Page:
Tortilla Soup

Tortilla Soup Recipe

Elegant. Easy. Inexpensive. Entertaining. These are but a few of the attributes we like in a soup. Take this tortilla soup recipe. One look at the photo above tells you the subtly spiced soup has an earthy elegance. It’s easy as tossing some stuff in a pot and letting it simmer for hours. It’s most expensive ingredient is a little cotija cheese to crumble over it as a…

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Butternut Squash Spinach Lasagna

Do you know what the most popular recipe on allrecipes.com is?

You know about allrecipes.com, right? The largest English-language food site in the world, it’s home to over 55 million “pieces of food-focused content” (a.k.a. recipes, if we were using English rather than marketing-speak). An average of more than 30 million visitors post, read, and chat about those recipes each month.

And of those 55 million pieces of content, one recipe stands above all the rest. Posted in 2001, in the past 5 years alone it’s enjoyed over 12 million visits. It has nearly 8,500 (mostly 5-star) reviews; it’s been pinned to Pinterest over 51,000 times.

Are you getting the picture? This recipe is POPULAR.

Maybe it has something to do with its name: World’s Best Lasagna.

I mean, who doesn’t love lasagna? And “world’s best,” well… that’s quite an accolade.

Anyway, this dish has been featured on “Good Morning, America,” as well as in the Washington Post – which terms it “an artery-clogging tower of sweet Italian sausage, ground beef and ricotta cheese.”

And therein lies the rub: yeah, we all love lasagna, but sometimes its ingredients are just plain over the top. With nearly 2 pounds of meat and up to 3 1/2 pounds of cheese (in a recipe that fits a 9″ x 13″ baking dish), “World’s Best Lasagna” seems a bit on the rich and heavy side.

Sure, I’d enjoy it; who wouldn’t? But I might not feel so good about myself afterwards.

Which brings us to this lighter (MUCH lighter) lasagna, one featuring autumn vegetables and handmade spinach noodles. With zero meat and under 1 1/2 pounds of (mostly low-fat) cheese, the flavors of roasted butternut squash, caramelized onion, and sautéed mushrooms shine through. A sprinkle of sharp Parmesan plus a layer of comfortingly mild ricotta help bring it all together.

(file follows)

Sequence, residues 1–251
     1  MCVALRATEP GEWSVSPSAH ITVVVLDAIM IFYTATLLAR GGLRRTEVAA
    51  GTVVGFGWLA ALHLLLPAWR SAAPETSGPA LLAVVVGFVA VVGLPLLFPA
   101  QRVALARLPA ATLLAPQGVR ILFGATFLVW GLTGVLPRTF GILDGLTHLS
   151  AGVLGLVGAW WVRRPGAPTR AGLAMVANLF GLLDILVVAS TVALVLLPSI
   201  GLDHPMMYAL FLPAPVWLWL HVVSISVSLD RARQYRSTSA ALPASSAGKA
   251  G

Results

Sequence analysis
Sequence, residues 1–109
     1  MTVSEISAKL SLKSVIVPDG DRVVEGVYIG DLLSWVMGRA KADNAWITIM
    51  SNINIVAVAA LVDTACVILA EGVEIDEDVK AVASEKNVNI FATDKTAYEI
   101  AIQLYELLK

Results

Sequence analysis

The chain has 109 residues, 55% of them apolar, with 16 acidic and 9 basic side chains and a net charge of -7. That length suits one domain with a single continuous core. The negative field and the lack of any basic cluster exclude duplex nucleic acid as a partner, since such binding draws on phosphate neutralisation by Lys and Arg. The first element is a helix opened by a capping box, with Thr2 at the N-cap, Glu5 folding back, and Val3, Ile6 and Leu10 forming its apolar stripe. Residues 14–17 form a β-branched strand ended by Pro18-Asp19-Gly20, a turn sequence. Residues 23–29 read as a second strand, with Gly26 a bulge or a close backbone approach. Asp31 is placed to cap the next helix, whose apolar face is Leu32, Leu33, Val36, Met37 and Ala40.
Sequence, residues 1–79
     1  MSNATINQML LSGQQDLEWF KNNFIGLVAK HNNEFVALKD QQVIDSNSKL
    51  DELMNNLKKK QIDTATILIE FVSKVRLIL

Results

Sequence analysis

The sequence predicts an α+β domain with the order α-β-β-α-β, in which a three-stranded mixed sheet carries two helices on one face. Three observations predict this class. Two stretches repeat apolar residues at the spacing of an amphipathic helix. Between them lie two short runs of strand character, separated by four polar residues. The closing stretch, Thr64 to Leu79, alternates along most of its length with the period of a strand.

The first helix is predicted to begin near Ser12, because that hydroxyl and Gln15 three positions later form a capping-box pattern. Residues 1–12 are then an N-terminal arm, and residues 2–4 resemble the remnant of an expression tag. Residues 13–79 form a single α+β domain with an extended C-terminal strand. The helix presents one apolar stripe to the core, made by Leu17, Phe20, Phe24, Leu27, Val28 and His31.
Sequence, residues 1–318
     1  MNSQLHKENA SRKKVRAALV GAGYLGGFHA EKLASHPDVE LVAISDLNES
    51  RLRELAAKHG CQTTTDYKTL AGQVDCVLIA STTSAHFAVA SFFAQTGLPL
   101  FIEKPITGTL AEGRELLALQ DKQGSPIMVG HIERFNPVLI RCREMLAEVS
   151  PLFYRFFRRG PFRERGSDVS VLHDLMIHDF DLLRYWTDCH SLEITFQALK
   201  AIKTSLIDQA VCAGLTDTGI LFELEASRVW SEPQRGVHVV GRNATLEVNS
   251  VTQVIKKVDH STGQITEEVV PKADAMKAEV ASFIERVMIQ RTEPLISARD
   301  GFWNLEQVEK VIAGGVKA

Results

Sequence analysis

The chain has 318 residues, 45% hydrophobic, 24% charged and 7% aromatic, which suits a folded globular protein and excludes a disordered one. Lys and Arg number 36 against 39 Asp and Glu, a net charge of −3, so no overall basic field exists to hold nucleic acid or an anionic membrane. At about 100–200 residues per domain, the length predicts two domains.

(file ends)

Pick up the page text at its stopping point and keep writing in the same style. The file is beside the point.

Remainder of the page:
We can’t claim this recipe is vegan; but feel free to serve it to your vegetarian friends – as well as those who appreciate a lighter touch in their lasagna. We’ve dropped a lot of the fat, but kept the flavor – and while Butternut Squash Harvest Lasagna will never reach the online heights of “World’s Best,” we’re happy with it – quite happy indeed.

Let’s start by making some homemade pasta.

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Spinach pasta pairs wonderfully with its fellow vegetables in the filling.

Combine a firmly packed 1/2 cup cooked, chopped spinach and 2 large eggs in a blender or food processor; process until the spinach is finely chopped.

No, I didn’t process using the dough blade! I switched to that to mix in the flour.

In a bowl or mixer (or continue in the processor), add 1/2 teaspoon salt and 2 1/4 cups (9 1/2 ounces) King Arthur Unbleached All-Purpose Flour. Add 1 to 2 tablespoons cold water, enough to bring the dough together, with no dry bits of flour remaining.

Knead the dough, by hand or in a mixer, for several minutes, until smooth. If you use a processor for this step, process for 60 seconds with the dough blade.

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Wrap the pasta in a lightly oiled piece of plastic wrap or waxed paper, and set it aside for at least 1 hour, for the gluten to relax.

Don’t want to make your own noodles? Use the cooked lasagna noodles of your choice. You may not be able to fit as many layers into your pan, since store-bought noodles may be thicker than homemade noodles. If that’s the case, simply use three layers of noodles, instead of four.

While the pasta is resting, prepare your vegetables.

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To prepare the mushrooms and onions: Sauté 1 large sweet onion, peeled and sliced, in 1 tablespoon oil for 20 to 25 minutes, or until golden brown. Remove the onions from the pan.